Nile Delta Teacher Resources
Find Nile Delta educational ideas and activities
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Sixth graders complete a variety of activities surrounding the study of Egypt. They create a PowerPoint presentation on how the pyramids were built and cartouches with hieroglyphics out of plaster of Paris. They put on an Egyptian Festival for lower grades.
Students begin with a piece of a puzzle that shows an artifact from ancient Egypt. They find others who have pieces that go with their puzzle piece. Students work in these groups to construct a relief map of the Nile River Valley.
Sixth graders are introduced to the basics of ancient Egypt focusing on the Nile River and the necessity of the river. The students work in small groups and become "experts" on the given topic and then present the information that was discussed and learned.
Seventh graders examine ancient Egypt. In this ancient history lesson, 7th graders collaborate to research advancements made during the 25th and 30th centuries. Students create presentations regarding their research findings.
Students use maps, atlases, and Internet sites to learn about the geographic features and topographical features of Egypt. They compare and contrast the importance of the Nile River through the Pre-Dynastic, Old Kingdom, Middle Kingdom, New Kingdom, and Modern Egypt eras. Students design a booklet to compile information regarding the Nile River and its importance.
Students examine the culture of Ancient Egypt. In groups, they focus on a topic of interest to them and create a HyperStudio presentation. Using a CD-ROM, they locate Egypt and the Nile River on a map and rotate between centers around the room.
Eleventh graders conduct research about the development of technologies in Ancient Egypt. The research is used to make class presentations. The students work with the teacher in order to create a rubric for the assignment.
In this ancient Egypt worksheet, 6th graders use maps in chapter 5 of a Houghton Mifflin text to label items on an outline map and answer a set of 10 related questions.
Students explore the differences in precipitation levels and elevation in the regions of the Nile and its source rivers (the White Nile and the Blue Nile) and explain the importance of the source rivers to civilization in Egypt.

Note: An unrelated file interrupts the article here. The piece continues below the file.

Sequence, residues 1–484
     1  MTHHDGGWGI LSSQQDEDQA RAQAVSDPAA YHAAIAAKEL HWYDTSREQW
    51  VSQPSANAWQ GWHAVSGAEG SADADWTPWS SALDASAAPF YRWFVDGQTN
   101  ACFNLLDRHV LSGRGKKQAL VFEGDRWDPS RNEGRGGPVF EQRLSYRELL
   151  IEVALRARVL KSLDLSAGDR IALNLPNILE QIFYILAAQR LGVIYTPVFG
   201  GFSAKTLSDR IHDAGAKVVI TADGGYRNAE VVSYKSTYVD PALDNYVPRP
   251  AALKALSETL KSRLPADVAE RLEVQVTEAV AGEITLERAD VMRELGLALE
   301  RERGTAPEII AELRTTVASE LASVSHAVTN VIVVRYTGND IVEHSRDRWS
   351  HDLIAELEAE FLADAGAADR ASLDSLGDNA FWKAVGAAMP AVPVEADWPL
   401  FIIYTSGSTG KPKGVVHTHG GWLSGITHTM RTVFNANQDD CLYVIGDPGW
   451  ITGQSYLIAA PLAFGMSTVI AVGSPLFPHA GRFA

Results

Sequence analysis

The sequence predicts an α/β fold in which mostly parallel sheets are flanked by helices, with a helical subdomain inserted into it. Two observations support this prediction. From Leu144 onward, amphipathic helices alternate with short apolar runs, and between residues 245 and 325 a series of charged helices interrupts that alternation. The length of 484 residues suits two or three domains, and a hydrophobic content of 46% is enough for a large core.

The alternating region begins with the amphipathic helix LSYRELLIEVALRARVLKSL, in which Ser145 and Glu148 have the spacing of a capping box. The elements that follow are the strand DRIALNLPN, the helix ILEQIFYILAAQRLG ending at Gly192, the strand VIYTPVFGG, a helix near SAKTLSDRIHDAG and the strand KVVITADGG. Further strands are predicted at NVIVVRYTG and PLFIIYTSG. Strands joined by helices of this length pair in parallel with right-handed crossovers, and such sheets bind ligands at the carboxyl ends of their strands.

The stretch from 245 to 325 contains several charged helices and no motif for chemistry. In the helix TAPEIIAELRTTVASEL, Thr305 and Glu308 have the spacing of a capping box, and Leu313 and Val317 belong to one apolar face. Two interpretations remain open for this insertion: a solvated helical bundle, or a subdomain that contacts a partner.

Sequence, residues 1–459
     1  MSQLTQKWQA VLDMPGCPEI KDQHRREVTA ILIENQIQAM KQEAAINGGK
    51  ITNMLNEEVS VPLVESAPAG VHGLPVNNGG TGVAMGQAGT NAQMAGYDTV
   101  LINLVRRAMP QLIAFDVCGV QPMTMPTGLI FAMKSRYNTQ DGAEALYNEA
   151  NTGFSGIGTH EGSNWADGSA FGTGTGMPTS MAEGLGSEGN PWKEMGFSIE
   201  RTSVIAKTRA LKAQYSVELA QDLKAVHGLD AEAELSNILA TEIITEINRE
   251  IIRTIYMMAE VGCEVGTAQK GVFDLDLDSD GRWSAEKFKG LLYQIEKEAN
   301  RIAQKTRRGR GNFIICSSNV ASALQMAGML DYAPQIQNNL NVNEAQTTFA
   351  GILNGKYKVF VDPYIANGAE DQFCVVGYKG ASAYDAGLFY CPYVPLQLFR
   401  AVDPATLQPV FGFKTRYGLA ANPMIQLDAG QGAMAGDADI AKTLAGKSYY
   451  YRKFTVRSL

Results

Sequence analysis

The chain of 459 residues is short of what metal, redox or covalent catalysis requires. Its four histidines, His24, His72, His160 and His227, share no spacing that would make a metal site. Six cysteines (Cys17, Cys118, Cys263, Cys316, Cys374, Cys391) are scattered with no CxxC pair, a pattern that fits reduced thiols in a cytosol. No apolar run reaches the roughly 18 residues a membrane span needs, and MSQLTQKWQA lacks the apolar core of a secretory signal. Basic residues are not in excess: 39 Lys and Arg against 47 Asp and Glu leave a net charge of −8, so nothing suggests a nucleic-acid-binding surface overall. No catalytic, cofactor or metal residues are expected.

For this map of Egypt worksheet, students label the cities, bodies of water, surrounding countries and color the map according to the directions.
Students mummify a fish. In this mummification lesson, students follow the steps of mummification to make a fish mummy over the course of five weeks.
Early civilizations developed into complex societies because of the advent of stable agricultural practices and plant/animal domestication. Share the earliest civilizations to grow from the first agricultural revolution with your class. They will learn about Catal Huyuk, Mesopotamia, Egypt, and The Fertile Crescent. Maybe you'll inspire the worlds next anthropologist!
Students research, write, and illustrate group reports that acknowledge the cultural importance of selected towns, monuments, and sights along the Nile River.
Sixth graders identify the major obstacles in farming in Mesopotamia. They work together to design and build a model that solves these problems. They write a short essay that describes the problems and their possible solutions.
Students solve a math problem using area formulas of circles and squares. They read and discuss the problem, analyze images of badges, reconstruct the badge from the problem using circles and rulers, and share the solution with the class.
In this archeology worksheet, students complete multiple choice questions about King Tut, Howard Carter, and more. Students complete 4 questions total.
Middle schoolers explore the making of circles and concepts related to them in geometry. The project is inquiry based will focus upon students making their own nametags. The construction is ideal for hands on middle schoolers.